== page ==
Cases of trafficking are rising sharply, according to a Statistics Canada study. But even if the number of violations increases, some cases are heard by the courts. And they rarely lead to convictions, deplores the criminologist Maria Mourani.
The various police forces across Canada reported 506 trafficking offenses between 2009 and 2014, of which only 206 in 2014. The crime rate doubled between 2013 and 2014 and even increased fivefold from 2009. Statistics Canada attributes the increase to “improved reporting methods, detection and investigation.” The Criminologist Maria Mourani also sees a sign of growing awareness of police forces to this question. “They understood that even when the operation is done inside the country is of trafficking. When girls are sent from Quebec, Ontario, is trafficking, “she said.
Young women at risk
Victims of trafficking are mostly young women. More than 9 out of 10 victims were female. Close to half of the victims were aged 18 to 24, while the fourth was minor.
Conversely, the majority of perpetrators were young men. More than 8 in 10 were male. Three quarters (77%) were aged 18 to 34 years.
Sexually exploited victims
Most victims of trafficking are exploited sexually. In almost two thirds of cases, a prostitution offense was also observed. Statistics Canada also note that you should not mix the cases of trafficking with human smuggling, although it may happen that some are stuck in such a gear.
Nearly a third of victims of trafficking are abused. The study noted that they “have suffered injury due to the case of trafficking reported by police.” In most cases, it was considered minor injuries caused by physical violence.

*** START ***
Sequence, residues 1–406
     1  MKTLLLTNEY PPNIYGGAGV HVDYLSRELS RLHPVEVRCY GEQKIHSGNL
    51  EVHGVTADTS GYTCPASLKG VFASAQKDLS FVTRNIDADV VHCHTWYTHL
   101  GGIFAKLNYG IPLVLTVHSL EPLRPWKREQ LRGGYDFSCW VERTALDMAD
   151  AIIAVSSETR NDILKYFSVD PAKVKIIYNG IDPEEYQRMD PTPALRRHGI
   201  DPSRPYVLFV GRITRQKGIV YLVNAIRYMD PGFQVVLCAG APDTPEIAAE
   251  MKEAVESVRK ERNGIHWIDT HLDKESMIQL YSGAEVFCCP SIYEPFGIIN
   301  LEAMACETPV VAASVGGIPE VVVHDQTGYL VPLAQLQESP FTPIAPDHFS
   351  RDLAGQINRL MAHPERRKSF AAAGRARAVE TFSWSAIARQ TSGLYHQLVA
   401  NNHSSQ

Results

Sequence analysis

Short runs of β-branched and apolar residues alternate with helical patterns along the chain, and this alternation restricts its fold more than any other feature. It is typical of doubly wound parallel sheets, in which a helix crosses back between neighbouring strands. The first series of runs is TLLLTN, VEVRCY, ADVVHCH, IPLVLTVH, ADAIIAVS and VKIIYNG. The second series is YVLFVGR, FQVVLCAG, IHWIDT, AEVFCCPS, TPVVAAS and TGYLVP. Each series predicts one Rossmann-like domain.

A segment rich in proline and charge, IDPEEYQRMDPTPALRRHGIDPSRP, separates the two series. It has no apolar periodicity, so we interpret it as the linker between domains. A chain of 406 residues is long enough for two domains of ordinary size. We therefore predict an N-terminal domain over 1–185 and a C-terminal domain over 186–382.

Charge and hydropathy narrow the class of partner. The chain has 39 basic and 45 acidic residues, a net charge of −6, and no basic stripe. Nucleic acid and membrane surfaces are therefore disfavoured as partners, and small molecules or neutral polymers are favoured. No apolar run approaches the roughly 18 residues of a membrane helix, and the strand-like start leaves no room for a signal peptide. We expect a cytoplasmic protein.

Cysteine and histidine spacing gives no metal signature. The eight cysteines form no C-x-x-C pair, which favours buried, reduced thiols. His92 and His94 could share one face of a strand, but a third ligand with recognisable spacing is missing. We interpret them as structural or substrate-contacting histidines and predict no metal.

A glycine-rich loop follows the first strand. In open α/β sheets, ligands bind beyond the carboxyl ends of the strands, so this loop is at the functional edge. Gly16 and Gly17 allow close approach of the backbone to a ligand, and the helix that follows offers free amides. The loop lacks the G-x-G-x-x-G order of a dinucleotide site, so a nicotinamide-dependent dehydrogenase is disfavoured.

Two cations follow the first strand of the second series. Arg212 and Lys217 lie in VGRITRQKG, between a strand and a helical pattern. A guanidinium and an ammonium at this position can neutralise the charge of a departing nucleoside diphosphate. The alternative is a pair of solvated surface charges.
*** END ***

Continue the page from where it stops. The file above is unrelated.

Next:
Few court case
Statistics Canada notes that the causes of human trafficking in the courts are limited. From 2005 to 2014, Statistics Canada has identified only 53 cases completed.
Not only the causes are rare, but convictions are even more so. Less than a third of the charges resulted in a conviction. More than half (58%) of the charges have instead resulted in a shutdown of the process or were withdrawn.
Reverse the burden of proof
The Criminologist Maria Mourani waiting impatiently for the Trudeau government punishes Bill C-452, which it presented when she was NDP MP. When passed, this legislation will reverse the burden of proof on those accused of trafficking, she says. The criminologist believes that police and prosecutors will multiply the number of charges and convictions with these changes. “I can bet that the next Statistics Canada report will show a sharp rise in convictions,” she said.